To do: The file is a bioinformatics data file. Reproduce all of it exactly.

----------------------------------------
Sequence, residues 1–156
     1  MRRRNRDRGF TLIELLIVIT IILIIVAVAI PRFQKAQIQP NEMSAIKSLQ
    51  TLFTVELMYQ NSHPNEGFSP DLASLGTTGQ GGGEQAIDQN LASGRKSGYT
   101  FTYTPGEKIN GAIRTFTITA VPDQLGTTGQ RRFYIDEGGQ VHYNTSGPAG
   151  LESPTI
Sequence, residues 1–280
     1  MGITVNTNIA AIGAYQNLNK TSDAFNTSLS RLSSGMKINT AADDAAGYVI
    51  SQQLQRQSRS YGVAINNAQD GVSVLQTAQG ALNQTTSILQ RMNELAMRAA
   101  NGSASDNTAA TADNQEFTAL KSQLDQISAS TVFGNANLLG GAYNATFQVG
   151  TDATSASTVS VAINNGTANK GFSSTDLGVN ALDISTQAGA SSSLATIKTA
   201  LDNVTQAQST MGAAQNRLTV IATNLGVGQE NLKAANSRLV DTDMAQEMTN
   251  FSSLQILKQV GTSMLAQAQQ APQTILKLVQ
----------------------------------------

Sequence, residues 1–156
     1  MRRRNRDRGF TLIELLIVIT IILIIVAVAI PRFQKAQIQP NEMSAIKSLQ
    51  TLFTVELMYQ NSHPNEGFSP DLASLGTTGQ GGGEQAIDQN LASGRKSGYT
   101  FTYTPGEKIN GAIRTFTITA VPDQLGTTGQ RRFYIDEGGQ VHYNTSGPAG
   151  LESPTI
Sequence, residues 1–280
     1  MGITVNTNIA AIGAYQNLNK TSDAFNTSLS RLSSGMKINT AADDAAGYVI
    51  SQQLQRQSRS YGVAINNAQD GVSVLQTAQG ALNQTTSILQ RMNELAMRAA
   101  NGSASDNTAA TADNQEFTAL KSQLDQISAS TVFGNANLLG GAYNATFQVG
   151  TDATSASTVS VAINNGTANK GFSSTDLGVN ALDISTQAGA SSSLATIKTA
   201  LDNVTQAQST MGAAQNRLTV IATNLGVGQE NLKAANSRLV DTDMAQEMTN
   251  FSSLQILKQV GTSMLAQAQQ APQTILKLVQ